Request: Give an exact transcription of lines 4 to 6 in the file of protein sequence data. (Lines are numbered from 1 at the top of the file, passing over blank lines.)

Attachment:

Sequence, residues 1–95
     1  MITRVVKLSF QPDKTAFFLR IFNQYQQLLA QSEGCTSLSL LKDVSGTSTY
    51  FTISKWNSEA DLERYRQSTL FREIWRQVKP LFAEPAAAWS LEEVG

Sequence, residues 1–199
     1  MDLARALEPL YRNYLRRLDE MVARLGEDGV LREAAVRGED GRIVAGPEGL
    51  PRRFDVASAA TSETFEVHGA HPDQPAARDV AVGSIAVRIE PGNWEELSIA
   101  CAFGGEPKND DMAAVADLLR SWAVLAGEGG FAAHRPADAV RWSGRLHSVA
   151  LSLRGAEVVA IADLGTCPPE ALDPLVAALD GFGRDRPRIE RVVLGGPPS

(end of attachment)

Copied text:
Sequence, residues 1–199
     1  MDLARALEPL YRNYLRRLDE MVARLGEDGV LREAAVRGED GRIVAGPEGL
    51  PRRFDVASAA TSETFEVHGA HPDQPAARDV AVGSIAVRIE PGNWEELSIA